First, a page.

Agan had the advantage as he was being supported by the Cory Administration.  Meanwhile, Dalipe had to carry the burden of being closely identified with Marcos regime.  All Agan had to do was to capitalize on the past administration’s excesses to gain the voters’ nod.  He assumed office on February 2, 1988.  Agan’s victory at the polls would also be a watershed in Zamboanga’s political history because it was the first time a non-chavacano would be mayor.  It was significant because it marked a change in the attitude of the electoral majority who normally voted for the traditional native Zamboangueño candidates.

Agan’s administration would be innovative in the sense that he would introduce programs for poverty alleviation, and began implementing a policy of human resource development program in government.  Under his administration he made it a policy to bring education to the barangays.  It became his priority program to construct high schools in the major barangays of the city.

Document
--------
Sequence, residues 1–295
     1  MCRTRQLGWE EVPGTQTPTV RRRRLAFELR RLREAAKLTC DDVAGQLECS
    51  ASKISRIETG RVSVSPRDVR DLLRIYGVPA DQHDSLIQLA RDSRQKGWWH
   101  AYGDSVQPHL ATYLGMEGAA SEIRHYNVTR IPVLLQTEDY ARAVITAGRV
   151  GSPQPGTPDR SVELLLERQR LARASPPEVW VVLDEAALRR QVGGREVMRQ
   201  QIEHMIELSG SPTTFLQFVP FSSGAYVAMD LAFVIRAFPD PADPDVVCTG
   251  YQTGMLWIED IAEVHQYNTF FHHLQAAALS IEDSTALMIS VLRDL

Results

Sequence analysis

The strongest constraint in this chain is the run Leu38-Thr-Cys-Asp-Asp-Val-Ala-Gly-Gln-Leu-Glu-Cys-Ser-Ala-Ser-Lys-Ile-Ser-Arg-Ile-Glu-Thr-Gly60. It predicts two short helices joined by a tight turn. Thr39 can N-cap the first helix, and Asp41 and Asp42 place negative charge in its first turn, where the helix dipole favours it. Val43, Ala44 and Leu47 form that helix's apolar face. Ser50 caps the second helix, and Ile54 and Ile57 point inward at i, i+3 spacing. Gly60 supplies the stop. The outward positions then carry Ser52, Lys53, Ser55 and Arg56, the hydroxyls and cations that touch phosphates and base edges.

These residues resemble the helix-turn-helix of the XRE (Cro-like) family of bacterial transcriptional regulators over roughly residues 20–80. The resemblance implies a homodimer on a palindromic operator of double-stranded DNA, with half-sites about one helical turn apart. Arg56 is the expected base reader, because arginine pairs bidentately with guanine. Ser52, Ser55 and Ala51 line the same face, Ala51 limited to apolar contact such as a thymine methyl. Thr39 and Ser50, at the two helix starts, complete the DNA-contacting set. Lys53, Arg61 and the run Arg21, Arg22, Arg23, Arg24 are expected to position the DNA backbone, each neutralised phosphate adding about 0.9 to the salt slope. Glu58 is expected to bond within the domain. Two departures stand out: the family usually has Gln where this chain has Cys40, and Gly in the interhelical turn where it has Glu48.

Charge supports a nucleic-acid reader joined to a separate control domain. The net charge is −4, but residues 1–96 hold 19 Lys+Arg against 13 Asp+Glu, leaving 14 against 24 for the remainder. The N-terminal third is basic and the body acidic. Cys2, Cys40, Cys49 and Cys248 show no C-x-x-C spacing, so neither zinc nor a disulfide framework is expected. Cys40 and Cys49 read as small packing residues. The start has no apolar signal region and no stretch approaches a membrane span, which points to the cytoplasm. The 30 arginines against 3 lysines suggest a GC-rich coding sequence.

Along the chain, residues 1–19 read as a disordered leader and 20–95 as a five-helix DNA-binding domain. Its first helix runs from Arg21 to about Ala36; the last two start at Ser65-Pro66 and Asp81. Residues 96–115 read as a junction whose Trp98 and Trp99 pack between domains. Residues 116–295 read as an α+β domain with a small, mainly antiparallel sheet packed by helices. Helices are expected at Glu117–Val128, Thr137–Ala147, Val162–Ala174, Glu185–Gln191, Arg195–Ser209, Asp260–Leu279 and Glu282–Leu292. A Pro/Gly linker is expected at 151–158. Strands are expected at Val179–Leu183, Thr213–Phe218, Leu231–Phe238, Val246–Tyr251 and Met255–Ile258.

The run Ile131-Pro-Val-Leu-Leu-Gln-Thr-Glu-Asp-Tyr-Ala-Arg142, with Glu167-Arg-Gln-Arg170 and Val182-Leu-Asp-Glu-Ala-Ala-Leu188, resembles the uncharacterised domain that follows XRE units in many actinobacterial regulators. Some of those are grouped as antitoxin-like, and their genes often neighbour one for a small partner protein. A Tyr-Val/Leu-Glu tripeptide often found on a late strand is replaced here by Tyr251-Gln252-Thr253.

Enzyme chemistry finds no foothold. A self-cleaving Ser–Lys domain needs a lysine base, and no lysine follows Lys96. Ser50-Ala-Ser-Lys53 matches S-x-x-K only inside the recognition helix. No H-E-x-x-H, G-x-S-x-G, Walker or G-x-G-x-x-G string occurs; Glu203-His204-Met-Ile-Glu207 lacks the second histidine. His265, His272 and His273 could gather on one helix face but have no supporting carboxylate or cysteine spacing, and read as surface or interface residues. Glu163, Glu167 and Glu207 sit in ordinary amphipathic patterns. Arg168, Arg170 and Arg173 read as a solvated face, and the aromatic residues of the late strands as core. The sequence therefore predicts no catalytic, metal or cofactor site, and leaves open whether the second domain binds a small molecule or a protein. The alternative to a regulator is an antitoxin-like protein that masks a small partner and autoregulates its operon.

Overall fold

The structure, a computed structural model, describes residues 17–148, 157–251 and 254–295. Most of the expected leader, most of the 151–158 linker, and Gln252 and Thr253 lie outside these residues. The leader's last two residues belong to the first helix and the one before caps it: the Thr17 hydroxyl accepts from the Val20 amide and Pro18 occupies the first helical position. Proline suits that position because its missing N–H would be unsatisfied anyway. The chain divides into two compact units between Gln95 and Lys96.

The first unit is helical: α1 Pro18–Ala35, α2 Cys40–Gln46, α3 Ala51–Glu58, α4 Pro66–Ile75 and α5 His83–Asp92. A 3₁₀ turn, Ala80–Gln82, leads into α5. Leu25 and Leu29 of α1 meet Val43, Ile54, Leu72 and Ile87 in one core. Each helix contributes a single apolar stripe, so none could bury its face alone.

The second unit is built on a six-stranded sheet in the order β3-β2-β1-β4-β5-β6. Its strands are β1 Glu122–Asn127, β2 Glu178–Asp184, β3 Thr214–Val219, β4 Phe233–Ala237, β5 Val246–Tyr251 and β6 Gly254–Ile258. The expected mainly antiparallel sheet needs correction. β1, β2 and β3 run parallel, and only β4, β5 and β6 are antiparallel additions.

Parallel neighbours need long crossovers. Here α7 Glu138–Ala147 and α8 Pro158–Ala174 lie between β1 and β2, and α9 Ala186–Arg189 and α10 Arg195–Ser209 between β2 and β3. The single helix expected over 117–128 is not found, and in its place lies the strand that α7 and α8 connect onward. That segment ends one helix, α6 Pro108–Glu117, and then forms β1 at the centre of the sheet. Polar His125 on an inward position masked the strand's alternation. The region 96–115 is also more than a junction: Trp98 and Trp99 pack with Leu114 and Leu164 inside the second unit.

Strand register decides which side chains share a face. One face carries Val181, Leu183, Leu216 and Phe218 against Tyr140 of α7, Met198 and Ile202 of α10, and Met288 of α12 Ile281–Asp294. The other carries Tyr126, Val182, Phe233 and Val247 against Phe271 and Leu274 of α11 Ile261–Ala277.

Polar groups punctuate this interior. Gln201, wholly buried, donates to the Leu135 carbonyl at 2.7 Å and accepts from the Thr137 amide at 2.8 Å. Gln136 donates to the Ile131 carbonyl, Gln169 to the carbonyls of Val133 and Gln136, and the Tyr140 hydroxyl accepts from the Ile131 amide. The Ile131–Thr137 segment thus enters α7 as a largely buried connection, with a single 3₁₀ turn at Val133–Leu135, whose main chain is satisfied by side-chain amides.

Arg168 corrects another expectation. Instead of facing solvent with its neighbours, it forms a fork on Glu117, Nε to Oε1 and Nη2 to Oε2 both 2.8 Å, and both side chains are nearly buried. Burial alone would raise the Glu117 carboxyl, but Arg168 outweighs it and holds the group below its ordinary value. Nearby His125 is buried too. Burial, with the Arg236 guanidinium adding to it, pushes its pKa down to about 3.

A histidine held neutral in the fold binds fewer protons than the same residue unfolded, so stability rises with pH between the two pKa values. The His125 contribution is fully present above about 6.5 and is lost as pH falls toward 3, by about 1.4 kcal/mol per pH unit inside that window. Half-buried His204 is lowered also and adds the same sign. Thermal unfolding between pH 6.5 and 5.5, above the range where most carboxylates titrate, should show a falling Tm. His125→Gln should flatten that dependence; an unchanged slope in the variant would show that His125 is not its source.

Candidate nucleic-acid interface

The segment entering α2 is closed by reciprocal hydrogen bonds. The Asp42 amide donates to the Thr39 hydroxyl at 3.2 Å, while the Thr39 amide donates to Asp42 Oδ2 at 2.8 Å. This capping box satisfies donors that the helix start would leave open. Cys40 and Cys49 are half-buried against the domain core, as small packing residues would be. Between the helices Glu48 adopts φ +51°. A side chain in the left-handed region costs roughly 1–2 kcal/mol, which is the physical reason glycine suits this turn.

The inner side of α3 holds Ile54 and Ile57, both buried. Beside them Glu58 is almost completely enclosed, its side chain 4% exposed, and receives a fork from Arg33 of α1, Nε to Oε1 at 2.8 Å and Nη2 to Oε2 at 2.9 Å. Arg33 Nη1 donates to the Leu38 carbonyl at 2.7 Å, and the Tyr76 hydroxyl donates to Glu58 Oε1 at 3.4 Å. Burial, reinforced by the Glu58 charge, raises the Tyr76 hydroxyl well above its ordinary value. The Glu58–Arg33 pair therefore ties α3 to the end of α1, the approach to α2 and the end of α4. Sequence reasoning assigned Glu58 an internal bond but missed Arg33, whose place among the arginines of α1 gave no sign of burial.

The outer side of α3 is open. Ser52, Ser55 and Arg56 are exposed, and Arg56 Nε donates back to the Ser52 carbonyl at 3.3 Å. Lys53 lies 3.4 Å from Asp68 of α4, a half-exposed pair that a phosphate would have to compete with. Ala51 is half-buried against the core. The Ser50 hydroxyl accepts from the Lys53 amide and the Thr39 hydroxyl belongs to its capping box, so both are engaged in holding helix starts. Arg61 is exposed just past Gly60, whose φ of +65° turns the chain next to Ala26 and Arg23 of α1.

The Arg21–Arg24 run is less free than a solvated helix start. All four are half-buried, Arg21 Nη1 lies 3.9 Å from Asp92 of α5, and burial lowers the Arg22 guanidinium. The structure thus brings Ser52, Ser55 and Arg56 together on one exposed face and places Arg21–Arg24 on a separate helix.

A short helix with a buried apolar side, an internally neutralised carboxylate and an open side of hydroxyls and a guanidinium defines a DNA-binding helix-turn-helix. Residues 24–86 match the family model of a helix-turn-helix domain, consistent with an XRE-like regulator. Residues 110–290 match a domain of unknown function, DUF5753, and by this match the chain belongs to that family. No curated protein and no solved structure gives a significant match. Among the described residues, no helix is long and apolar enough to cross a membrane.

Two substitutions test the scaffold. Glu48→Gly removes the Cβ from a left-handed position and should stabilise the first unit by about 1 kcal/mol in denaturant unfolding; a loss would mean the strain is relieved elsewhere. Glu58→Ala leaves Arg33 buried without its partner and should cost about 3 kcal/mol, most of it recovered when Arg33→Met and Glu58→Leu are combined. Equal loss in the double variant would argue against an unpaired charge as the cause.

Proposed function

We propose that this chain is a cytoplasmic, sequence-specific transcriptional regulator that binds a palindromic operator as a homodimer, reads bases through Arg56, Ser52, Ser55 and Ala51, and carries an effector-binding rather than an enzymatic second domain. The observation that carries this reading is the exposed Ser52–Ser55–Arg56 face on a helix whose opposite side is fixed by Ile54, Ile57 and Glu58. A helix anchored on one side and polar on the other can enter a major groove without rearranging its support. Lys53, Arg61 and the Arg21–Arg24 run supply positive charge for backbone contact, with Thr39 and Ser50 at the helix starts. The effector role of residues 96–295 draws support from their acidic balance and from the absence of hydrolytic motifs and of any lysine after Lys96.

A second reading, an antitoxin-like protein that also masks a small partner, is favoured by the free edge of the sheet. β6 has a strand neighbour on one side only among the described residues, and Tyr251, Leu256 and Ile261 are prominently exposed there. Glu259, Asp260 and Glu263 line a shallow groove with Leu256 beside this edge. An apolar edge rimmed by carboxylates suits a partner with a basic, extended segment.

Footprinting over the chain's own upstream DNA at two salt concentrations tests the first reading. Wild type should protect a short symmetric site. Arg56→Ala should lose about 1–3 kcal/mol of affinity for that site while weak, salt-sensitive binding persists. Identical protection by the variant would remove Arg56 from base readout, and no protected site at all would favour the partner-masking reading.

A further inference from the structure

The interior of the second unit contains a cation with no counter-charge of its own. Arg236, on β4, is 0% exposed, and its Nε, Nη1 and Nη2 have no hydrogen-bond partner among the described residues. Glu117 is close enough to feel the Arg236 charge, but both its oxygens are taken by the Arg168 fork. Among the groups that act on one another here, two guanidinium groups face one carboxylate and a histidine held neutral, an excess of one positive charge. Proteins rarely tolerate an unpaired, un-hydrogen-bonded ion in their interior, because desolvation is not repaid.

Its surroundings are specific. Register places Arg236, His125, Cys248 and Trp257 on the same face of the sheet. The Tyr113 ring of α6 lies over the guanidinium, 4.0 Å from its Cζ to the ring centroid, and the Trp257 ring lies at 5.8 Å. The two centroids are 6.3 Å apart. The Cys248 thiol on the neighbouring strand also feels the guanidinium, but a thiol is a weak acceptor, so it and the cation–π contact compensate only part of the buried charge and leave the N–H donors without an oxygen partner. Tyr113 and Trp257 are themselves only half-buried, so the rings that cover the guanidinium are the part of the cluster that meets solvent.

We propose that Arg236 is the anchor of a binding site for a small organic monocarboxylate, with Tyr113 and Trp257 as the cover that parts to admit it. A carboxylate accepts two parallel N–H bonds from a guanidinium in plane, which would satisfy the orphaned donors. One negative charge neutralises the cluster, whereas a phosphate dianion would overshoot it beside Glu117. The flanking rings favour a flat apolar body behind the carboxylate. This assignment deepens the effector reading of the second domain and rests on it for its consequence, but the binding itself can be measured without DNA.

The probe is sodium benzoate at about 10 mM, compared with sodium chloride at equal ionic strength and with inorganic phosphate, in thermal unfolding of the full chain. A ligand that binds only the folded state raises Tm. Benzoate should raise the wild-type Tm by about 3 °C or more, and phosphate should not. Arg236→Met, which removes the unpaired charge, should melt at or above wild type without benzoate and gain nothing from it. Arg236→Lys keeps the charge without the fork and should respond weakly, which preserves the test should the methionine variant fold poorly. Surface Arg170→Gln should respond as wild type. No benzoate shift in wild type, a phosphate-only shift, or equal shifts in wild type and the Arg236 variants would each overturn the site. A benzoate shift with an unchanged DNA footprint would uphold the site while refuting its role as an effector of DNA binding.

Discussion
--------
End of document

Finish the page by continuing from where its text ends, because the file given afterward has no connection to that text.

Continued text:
Other impressive projects of Mayor Agan were the completion of the concreting of all major roads, street lighting and traffic lights.

Agan would adopt the same strategy of undertaking infrastructure projects by using private contractors, a method of which he had strongly criticized the Dalipe administration during the election campaign.  Yet all these accomplishments were to impress the electorate in Zamboanga that Agan was re-elected in 1992, and then again in 1995.